9.10.2010

Quote of the Day

"Time, her father was saying, looking upwards and scratching his chin through his beard, time has tiny flaws in it, tiny slippages, that in the very beginning hindered the flow of formlessness and created form. In the same way, he said, that your nails catch on something made of silk, with little hooks you did not know were there until they snagged. 'Do you see?' he asked. Flaws in the matrix, temporal discrepancies. So at the start, when there was still nothing, the world was, you could say, hindered into existence."

(The Infinities, John Banville)(A loveable and thus, given the author's previous works, disturbing book)

3 comments:

  1. That is a terrific quote and it is actually another way of saying what happened at a certain very early point of the big bang. The map we have of what we call the background radiation, the earliest part (farthest away that we can see) of the universe, a historical record, shows the gathering of mass around the "snags". According to theory, if it is accurate, this background radiation is the earliest that we will ever see. It is the first thing in the universe when it became transparent. Before that time the universe was opaque for reasons the physicists can explain but I don't remember.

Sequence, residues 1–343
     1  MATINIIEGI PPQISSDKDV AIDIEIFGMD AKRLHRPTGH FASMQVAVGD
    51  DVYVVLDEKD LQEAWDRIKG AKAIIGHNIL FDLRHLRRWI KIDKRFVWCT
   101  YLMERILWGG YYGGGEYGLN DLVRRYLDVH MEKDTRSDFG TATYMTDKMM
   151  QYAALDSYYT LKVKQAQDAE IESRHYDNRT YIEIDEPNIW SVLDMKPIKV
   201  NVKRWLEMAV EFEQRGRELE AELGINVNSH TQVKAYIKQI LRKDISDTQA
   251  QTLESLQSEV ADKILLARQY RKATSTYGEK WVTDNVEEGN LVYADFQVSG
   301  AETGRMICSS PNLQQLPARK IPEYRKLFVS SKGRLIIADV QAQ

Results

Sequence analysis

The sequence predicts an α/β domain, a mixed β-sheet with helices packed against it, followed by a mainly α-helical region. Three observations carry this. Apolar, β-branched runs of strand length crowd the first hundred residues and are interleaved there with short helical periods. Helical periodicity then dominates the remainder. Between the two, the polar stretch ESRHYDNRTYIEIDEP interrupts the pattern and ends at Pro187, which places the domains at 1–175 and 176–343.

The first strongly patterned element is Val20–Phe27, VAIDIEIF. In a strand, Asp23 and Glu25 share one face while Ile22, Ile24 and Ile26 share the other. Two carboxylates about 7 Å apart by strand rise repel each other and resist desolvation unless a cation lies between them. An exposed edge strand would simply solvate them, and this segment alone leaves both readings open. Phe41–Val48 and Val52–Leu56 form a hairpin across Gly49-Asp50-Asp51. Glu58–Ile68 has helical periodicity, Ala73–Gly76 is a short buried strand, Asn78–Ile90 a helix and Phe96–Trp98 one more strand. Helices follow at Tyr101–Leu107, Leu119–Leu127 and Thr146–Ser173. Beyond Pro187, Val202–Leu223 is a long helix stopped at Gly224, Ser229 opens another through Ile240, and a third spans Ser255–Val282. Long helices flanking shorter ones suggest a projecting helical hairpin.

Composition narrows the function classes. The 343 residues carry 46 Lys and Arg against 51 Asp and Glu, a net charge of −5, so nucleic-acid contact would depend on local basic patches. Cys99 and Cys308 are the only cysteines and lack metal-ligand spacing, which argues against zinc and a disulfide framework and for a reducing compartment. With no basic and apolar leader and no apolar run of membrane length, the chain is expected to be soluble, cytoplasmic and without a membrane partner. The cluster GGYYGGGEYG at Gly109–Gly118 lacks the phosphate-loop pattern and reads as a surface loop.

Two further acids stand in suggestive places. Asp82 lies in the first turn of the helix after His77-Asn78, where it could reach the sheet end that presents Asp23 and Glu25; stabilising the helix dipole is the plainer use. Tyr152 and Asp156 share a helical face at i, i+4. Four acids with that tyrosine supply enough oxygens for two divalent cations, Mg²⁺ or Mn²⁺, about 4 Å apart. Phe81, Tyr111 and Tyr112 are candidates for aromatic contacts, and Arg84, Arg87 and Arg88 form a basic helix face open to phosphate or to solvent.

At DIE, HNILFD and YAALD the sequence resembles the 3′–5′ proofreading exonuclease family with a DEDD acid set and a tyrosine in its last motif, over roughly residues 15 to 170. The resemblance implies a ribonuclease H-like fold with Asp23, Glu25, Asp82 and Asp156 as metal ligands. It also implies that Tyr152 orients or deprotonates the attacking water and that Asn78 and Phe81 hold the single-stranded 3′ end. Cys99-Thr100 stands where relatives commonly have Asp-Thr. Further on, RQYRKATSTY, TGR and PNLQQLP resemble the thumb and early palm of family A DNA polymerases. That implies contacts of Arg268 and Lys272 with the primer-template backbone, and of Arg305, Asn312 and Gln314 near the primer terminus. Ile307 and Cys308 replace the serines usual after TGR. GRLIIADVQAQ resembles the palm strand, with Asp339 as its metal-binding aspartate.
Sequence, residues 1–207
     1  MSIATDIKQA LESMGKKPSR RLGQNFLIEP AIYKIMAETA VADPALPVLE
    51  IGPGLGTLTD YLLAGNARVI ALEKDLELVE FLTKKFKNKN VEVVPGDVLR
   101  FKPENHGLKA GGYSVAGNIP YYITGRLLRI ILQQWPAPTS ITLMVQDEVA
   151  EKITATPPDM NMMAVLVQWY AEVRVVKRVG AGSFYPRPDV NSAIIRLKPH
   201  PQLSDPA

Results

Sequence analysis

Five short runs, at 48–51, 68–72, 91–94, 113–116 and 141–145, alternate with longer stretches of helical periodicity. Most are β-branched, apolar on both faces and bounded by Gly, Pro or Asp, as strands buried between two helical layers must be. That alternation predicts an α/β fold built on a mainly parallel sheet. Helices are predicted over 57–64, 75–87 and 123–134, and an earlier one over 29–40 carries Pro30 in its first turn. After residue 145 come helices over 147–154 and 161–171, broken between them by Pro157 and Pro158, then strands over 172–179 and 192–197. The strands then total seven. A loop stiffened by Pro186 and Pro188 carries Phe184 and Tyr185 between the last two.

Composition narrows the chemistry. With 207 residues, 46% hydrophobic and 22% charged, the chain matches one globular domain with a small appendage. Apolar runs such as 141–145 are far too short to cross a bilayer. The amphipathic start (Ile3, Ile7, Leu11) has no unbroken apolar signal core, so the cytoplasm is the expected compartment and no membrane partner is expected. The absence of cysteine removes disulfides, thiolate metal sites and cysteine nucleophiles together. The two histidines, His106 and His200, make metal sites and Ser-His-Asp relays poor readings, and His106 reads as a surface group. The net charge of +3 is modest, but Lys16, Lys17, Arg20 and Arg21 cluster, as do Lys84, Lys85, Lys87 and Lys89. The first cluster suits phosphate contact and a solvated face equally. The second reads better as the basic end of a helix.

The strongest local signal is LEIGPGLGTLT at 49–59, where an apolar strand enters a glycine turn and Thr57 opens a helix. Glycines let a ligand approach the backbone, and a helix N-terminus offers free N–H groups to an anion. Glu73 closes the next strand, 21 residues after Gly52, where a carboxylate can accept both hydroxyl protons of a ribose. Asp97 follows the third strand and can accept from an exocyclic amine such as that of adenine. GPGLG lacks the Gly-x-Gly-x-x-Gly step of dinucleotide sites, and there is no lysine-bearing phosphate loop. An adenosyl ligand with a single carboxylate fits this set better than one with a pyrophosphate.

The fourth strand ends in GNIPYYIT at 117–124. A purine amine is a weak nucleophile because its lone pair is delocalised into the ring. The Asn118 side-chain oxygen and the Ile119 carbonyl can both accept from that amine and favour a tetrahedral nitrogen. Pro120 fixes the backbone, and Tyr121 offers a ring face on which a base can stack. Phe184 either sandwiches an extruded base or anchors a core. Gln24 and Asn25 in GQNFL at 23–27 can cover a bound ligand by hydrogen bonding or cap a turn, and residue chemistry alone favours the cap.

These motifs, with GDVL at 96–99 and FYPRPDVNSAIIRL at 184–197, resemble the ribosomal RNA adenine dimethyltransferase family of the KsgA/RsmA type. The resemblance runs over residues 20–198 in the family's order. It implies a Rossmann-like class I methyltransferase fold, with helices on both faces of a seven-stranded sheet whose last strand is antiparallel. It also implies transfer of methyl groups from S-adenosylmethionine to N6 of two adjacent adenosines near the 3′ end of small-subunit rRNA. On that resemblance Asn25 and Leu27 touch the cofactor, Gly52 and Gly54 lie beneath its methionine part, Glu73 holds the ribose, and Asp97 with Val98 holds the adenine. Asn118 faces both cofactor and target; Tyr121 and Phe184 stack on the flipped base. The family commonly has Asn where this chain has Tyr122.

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  2. I depend on these literary descriptions, of course, because too dim to take the physics straight! Even the best of the popularizers (Ferris, Bryson) whiz above my head, so snagged silk it is.

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  3. I love 'hindered into existence'.

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